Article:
Students from around the world volunteer on South Side during day of action

Community service day marks the culmination of Clinton Global Initiative University at UChicago

Hundreds of students from around the world gathered on the South Side of Chicago on Oct. 21 to put their commitments to service and volunteerism into practice. From painting a mural with a local artist to preparing craft kits for museum school groups to packaging 77,000 meals bound for developing countries, students furthered their resolve to build more just communities.

“At UChicago, we believe civic engagement is an important component in tackling complex challenges in the community, in Chicago and beyond,” said Derek Douglas, UChicago’s vice president for civic engagement and external affairs. “Student civic engagement is a top priority at the University and, every year, more and more students participate in social impact work.”

Sunday’s Day of Action was the culmination of the 11th annual Clinton Global Initiative University meeting, which connected experts with the next generation of leaders. Hosted by the University of Chicago from Oct. 19-21, it facilitated discussions to develop innovative solutions to pressing challenges across five focus areas—education, environment and climate change, poverty alleviation, peace and human rights, and public health. With more than 1,000 students from 80 countries participating in the event—151 of them representing UChicago—it was the largest gathering of student social entrepreneurs in the world.

As the capstone to the weekend, students participated in service projects proposed by one of nine local community partners. Before splitting off to their assigned sites, they convened at XS Tennis and Education Foundation in Washington Park to hear remarks by Chelsea Clinton, vice chair of the Clinton Foundation, and Chicago Mayor Rahm Emanuel.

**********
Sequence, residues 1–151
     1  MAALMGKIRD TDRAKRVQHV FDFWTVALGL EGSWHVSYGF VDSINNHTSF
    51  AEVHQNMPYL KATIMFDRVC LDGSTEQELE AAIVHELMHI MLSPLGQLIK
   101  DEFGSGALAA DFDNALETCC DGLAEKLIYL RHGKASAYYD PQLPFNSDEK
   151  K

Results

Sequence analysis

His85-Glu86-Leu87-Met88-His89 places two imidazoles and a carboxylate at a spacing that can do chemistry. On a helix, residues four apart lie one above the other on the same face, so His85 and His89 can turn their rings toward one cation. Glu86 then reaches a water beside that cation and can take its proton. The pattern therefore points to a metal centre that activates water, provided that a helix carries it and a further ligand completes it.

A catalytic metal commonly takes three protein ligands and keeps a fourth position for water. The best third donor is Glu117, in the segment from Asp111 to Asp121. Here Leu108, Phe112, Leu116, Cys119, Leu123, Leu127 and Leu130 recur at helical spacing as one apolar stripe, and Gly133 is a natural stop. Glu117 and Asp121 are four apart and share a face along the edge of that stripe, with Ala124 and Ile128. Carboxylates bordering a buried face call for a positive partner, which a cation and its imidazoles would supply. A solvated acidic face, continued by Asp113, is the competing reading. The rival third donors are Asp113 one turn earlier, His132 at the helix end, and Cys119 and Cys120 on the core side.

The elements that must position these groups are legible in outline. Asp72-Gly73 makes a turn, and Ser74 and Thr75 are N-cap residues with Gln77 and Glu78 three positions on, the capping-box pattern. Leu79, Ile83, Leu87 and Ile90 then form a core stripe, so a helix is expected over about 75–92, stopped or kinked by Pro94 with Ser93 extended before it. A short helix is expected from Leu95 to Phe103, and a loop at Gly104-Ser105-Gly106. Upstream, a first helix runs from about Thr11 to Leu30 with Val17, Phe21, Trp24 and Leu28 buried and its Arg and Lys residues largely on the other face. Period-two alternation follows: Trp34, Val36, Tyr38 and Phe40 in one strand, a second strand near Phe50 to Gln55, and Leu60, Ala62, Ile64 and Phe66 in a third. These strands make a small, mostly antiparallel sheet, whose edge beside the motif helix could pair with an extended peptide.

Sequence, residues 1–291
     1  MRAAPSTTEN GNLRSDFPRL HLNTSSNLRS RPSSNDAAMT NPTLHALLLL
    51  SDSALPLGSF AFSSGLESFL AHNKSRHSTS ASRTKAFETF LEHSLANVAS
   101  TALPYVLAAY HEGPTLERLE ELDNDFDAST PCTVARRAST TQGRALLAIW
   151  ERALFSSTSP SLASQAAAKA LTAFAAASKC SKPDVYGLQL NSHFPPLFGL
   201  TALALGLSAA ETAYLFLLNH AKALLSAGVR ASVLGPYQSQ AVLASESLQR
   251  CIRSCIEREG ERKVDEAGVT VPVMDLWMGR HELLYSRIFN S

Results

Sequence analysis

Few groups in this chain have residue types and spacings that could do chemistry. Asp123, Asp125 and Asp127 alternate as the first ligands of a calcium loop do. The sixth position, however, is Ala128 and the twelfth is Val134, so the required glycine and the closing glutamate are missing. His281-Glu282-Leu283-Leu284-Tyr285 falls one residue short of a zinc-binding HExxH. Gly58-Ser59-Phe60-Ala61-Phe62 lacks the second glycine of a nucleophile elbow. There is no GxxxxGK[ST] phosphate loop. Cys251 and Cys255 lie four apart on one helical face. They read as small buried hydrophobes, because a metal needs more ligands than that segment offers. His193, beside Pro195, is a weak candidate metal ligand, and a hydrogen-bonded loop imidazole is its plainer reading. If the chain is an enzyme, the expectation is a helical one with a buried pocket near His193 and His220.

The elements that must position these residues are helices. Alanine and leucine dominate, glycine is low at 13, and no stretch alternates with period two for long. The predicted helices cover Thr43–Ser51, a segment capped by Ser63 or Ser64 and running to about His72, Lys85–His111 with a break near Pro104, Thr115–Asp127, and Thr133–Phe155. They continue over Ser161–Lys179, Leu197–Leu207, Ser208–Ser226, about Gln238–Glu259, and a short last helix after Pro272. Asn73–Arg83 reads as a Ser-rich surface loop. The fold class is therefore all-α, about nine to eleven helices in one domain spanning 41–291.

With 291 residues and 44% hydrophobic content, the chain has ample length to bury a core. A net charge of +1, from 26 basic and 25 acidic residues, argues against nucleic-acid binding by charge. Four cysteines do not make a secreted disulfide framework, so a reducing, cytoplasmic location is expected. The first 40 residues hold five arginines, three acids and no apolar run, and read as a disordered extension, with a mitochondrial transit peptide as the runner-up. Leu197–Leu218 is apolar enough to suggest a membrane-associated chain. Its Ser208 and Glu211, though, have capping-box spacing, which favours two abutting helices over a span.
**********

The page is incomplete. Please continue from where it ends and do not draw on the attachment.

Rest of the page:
“We believe that gratitude can’t only be rhetoric. It has to be action,” Clinton said to the more than 600 students who chose to participate in the Day of Action.

“You don’t have to run for office to do public service,” Emanuel added. “One person with a vision and self-will can take what was barren and empty and can create doors of opportunities for the future. That is the power of civic engagement.”

Undergraduates Sean Hu and Nuhamin Tekie were two of 300 students who assembled meals with Rise Against Hunger. “I”ve been able to meet people from all over the world,” said Hu, a second-year in the College. “I feel like I’m part of something far bigger than myself, on an international scale.”

A College first-year, Tekie formed many charity clubs at her high school in Ethiopia. “Civic engagement is necessary to maintain humanity. It’s a way to be well-balanced, healthy and show gratitude,” she said.

College third-year Maria Snaider, who helped students at Dyett High School paint murals in their school, said it’s important to be an inclusive member of your group, so that everyone feels welcomed, safe, healthy and happy.

“That idea will challenge how I make my reality every day,” she said. “We learned about Bronzeville and Chicago Public Schools before starting the art project, which grounded our work in the economic, social and political underpinnings of the neighborhood. This was a great example of inclusive tribalism that was extended to us, a group of strangers.”

Other community partners were Burke Elementary School, Chicago Youth Programs, Coppin Community Center, DuSable Museum of African American History, KLEO Community Family Life Center, Sweet Water Foundation and the University of Chicago Arts + Public Life Arts Incubator.

The UChicago Office of Civic Engagement, which aims to be a bridge between the University and its surrounding community, was instrumental in planning the Day of Action. Staff selected the participating community partners and helped review student applicants to the CGI U event. OCE also will lead a follow-up meeting and will coordinate advising opportunities for participating students with a cross-university group.

“At the CGI U Day of Action, we saw the exchange of ideas and opportunities lead to action and impact as students from around the world worked together to support nonprofit organizations on Chicago’s South Side,” Douglas said. “These passionate students have a great deal to contribute, and it was inspiring to see them in action today.”

—Article originally appeared on the University of Chicago Civic Engagement site